contribution to POZ, "Share the Health," follows now missing i.£.~Oy WH! j flEW, too: the POZ coiumnist
the trail of surplus AIDS drugs dispatched from andcontributmg.writerrecentfy moved to New York City
HIVers in rich countrIes. to PWAs in poor ones. to join the staffas smrorerlimr.
'Kingston aspires to be a bit of a pm himself "to For this month's cover sto!'J,
afflict the powerful and raise herr': His pen has "The Secret Plot to Destroy
skewered such targets as pharma price-gougers, Afm:an Americans," Whitfreld
prison administrators and real-estate speculators flew to Tuskegee, Alabama and
in the pages of The Nation, The Cleveland to track down PWAs
San Francisco Examiner and conspiracy theorists who belieVEl,
AIDS Treatment News. Born in for example, that AIDS is U.S.
Britain, Kingston was educated biowarfareandthat the
in Los Angeles, Beirut and Nation of Islam's Kemron "It was surprising to
London-Dad worked in the is the cure. "I was up to
petrochemical industry-and my neck in every theory realize how many peDple
wound up in San Francisco circulating in the black believe the gDvernim:~rit
"where all good queer/lefty/ community," he says. "It • t t kall ..
IS DO i!. I US.
aging punks ended up at one wassurprising to realize
time," as he says. His ink-free interests? "Pointing , how many people-from box-office stars to political
out that bisexual men with girlfriends can indeed «
powerhouses-believe the government is out to kill us.
be an integral part of the queer movement, hiking, Because of the respect I have for many of them, I was
finding the occasional mosh pit to thrash in and constantly second-guessing my own beliefs and the way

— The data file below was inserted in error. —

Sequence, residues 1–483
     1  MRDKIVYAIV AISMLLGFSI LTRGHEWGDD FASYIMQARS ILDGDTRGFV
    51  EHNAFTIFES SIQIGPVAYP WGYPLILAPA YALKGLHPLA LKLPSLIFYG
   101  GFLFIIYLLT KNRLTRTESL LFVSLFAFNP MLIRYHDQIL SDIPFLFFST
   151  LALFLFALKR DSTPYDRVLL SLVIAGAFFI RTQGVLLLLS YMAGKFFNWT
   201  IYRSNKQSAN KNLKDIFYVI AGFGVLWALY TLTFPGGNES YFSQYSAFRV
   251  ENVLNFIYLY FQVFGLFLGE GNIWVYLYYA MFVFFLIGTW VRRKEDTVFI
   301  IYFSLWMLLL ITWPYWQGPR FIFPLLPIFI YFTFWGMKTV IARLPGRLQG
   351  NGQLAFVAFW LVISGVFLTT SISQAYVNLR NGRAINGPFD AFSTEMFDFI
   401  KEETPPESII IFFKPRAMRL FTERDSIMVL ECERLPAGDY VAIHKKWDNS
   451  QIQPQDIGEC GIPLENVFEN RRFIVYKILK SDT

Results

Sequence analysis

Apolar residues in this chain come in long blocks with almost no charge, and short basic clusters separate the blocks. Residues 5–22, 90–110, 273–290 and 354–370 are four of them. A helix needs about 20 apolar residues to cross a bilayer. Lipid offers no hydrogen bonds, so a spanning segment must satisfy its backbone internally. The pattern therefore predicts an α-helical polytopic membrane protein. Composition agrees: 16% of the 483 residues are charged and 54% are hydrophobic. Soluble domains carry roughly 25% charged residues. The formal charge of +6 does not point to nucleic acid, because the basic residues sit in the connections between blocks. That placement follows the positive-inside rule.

searching for the perfectly poured Guinness." • I think about my own positive diagnosis." Whitfield's
lie ~ Hartl.. - ~~ writing has appeared in Vibe, NewYork City's Daily News
and the Chicago Tribune. He's at work on a book about
gangsta rapper Eazy-E, who died of AIDS.

RICHARD ELOVICH, who contributes this month's "Clean,
Sober..and Medicated?" about HIVers in treatment for
addictions, wasin recovery himself in the early'80s when
hefirst bumped into the epidemic:
"I was seeing all these people
.. ,... cr->
"1 would havebeenat the St Patrick's demo even if I
hadn't been taking photos," TRACEY lITI says of the

in Alcoholics Anonymous and shot on this month's Back Page, As an ACT UP/
Narcotics Anonymous who were New York regular in its heyday, Litt perfected the t
says, And even though a crucial
12-step tenet is avoiding the
places associated with getting
high, "AIDS sent me back out on
finding out they had AIDS," he ,:' technique of holding a camera in one hand and a
placard in the other. "The police would see you hop
back and forth over the barricades,and at some point
they'd decide you couldn't have it both ways. Then
your press credentials didn't mean' a thing." Now the

the streets to do needle exchange photo editor for American Lawyer magazine, Litt
and outreach," From those street-·, first flicked the shutter at summer camp,
corners he went on to spearhead HIV prevention at Gay. then for her Fort Lauderdale, Florida, high school
~ Men's Health Crisis (he penned POZ's June 1996 cover yearbook, Her prints have run
story, "Beyond Condoms"), set up AA groups at Harlem ' in Newsweek and Spin and
Hospital and studied theuse of acupuncture for drugdetox. Douglas Crimp's activist-art­
Now he's getting his PhD in socio-medical sciences at crit AIDS Demographics. She
Columbia University's School of Public Health. In writing is making a film of photo
this article, Elovich says hewasinspired by the people he stills that narrate the story of
interviewed. "The courageous folks I talked with are an animal-rescue worker in
stepping out identifying themselves as positive, bringing Brooklyn-where she lives

programs," hesays. "There are costs and ~s~t:t~~ I

up an issue that hasn't been discussed before in recovery , with Chloe (the furry critter
hogging the frame here).

DECEMBER 2000 r-cz 13